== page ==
Here is the sure way to find the patch reefs. Look at the map on the right. See the yellow arrows. Notice they are lined up perfectly with the two walls of the fort? Start swimming out from either side, keeping yourself in line with one of those walls. Once you get out and start seeing down the line of the other wall (the other yellow arrow), you will be at the reef. Once there, the patch reefs run parallel to the fort wall (you can see the little dark dots in the picture circled in red).

We like to swim along the moat wall until we reach the north wall (top yellow arrow), then we swim out to the patch reefs and follow them back to the south. Then we like to swim back towards the beach and go to the third spot.

The Third Spot: Southern Wharf Ruins

Snorkeling the southern wharf ruins at Dry Tortugas
Old pilings are a great habitat for fish and corals at Dry Tortugas

The third Dry Tortugas snorkeling area is in the circled section at the bottom of our map. This is an area of pilings that used to support a wharf. Now they are just poles in the water. This is actually a pretty good snorkeling area. You have to be careful not to get hurt on the old rusty metal, but there are tons of fish and nice corals growing on the pilings.

The Fourth Spot: Northern Wharf Ruins

Corals making a home of the wharf ruins at Fort Jefferson

The fourth snorkeling Dry Tortugas spot (the upper right hand circled area on our map) is the actually the same as the third, just in another area. It is another set of old wharf pilings and it is worth checking out if you have time.

Walk over to the beach to the west of the ruins to enter and swim around the point to them.

How To Get There

Snorkeling Dry Tortugas is accessed by boat or sea plane.

There is one ferry that makes this trip called the Yankee Freedom Ferry. We enjoyed our trip with them. You can walk around outside, and it is a heavy, stable boat which is good in case of big seas. Check out more reviews of the Yankee Freedom ferry on TripAdvisor. Sunny Days Fast Cat used to run a ferry to the Dry Tortugas, but they no longer do.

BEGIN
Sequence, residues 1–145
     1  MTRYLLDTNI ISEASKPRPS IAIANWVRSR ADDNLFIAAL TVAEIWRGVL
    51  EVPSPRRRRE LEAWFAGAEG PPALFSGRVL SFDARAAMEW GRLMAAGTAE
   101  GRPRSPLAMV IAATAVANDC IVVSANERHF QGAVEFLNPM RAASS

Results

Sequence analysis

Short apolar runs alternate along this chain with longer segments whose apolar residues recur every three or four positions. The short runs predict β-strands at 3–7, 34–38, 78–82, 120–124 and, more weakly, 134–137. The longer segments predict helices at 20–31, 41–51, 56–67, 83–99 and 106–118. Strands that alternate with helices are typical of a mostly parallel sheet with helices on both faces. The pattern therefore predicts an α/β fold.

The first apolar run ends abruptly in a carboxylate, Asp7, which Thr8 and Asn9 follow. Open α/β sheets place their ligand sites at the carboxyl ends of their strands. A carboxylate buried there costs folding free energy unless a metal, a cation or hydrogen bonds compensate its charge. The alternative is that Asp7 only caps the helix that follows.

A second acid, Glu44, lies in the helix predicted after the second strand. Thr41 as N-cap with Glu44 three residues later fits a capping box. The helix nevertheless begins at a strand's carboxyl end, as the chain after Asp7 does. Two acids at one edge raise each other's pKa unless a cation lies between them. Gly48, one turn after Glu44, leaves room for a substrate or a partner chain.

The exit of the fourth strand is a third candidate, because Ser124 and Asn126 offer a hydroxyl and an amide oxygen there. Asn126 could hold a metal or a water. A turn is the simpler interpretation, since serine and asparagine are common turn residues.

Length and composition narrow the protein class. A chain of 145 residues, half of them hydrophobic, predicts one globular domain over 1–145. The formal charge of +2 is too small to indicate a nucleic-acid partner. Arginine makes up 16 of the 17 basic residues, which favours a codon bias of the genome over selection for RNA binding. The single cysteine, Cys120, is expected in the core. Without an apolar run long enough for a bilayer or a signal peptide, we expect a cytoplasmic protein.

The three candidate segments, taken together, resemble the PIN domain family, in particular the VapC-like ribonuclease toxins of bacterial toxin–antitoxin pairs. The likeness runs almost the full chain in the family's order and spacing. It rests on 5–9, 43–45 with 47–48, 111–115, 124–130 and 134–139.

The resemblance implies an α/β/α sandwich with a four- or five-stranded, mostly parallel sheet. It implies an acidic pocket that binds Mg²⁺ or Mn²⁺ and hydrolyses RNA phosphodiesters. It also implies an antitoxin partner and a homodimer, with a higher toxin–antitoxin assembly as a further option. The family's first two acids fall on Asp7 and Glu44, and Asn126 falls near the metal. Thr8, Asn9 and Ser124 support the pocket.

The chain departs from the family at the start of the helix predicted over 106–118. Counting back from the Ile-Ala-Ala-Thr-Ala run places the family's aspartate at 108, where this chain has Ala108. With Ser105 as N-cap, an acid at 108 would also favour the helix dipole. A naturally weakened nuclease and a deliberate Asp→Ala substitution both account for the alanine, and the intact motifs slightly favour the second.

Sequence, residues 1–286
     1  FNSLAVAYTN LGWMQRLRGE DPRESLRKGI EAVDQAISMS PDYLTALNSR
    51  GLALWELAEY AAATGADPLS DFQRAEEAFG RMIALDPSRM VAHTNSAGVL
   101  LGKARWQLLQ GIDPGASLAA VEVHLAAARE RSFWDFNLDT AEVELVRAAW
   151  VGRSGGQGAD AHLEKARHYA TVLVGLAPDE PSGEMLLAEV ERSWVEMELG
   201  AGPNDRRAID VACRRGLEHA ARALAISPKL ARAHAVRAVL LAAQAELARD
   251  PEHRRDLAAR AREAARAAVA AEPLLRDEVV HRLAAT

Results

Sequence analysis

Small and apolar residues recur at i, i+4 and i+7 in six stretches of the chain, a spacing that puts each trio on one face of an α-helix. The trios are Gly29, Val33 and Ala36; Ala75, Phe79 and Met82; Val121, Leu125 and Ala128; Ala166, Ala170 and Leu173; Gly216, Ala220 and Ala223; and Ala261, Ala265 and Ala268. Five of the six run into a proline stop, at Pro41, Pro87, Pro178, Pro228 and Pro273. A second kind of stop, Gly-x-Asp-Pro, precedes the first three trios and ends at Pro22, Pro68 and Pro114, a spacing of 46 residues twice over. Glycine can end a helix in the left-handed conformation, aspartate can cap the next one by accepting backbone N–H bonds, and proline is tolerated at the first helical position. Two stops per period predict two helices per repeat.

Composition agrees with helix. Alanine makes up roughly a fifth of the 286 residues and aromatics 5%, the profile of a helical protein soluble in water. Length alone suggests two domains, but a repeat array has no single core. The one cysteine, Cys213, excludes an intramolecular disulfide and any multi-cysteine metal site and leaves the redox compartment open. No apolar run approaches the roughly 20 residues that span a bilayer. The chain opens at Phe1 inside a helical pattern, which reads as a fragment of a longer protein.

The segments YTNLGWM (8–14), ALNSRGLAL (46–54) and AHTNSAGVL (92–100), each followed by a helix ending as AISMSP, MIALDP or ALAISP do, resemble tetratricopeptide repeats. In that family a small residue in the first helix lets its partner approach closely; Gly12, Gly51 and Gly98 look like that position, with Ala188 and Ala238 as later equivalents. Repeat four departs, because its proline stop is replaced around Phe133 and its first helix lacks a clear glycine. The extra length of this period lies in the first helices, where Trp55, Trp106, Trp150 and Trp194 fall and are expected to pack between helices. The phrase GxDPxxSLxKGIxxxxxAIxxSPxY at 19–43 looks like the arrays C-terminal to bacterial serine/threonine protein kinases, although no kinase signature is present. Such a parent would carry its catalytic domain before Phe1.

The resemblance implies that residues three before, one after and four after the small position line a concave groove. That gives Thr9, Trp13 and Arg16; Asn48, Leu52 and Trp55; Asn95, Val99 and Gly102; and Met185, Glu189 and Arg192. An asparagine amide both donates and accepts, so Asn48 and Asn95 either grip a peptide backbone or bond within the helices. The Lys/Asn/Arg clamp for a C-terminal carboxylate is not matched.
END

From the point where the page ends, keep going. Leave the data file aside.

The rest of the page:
Snorkeling Dry Tortugas Ferry

You can also reach the park by seaplane charter, although it is pretty expensive. Key West Seaplane Adventures is the company that flies to the Dry Tortugas. They get stellar reviews on TripAdvisor.

Read more about snorkeling Dry Tortugas on the National Park website.

Interesting Historical Tour

Along with the fun of snorkeling Dry Tortugas National Park, Fort Jefferson is a place of history for sure. Besides the amazing marine life and birds, the fort is really very interesting to walk around in.

Fort Jefferson at Dry Tortugas National Park
Mudd's cell at Fort Jefferson

Ponce de Leon first named this area Las Tortugas. Tortugas means turtle (there used to be a ton of them here). But the name dry was added not long afterward because of the lack of fresh water.

The fort itself was built in the 1800s to protect the waters into Florida but quickly became obsolete. Still, at one point there were over 1000 troops stationed on this tiny 16 acre plot of land.

Later the fort became well known as a prison, once holding Dr. Samuel Mudd, the doctor of John Wilkes Booth. The picture out the window on the right is from Mudd's cell. The fort was abandoned in the late 1800s and was taken up by pirates at times.

Nicole's impressed with the big cannon

There it is. A great day snorkeling Dry Tortugas. Make sure and bring a book if you come by ferry, because it does take a couple of hours each way.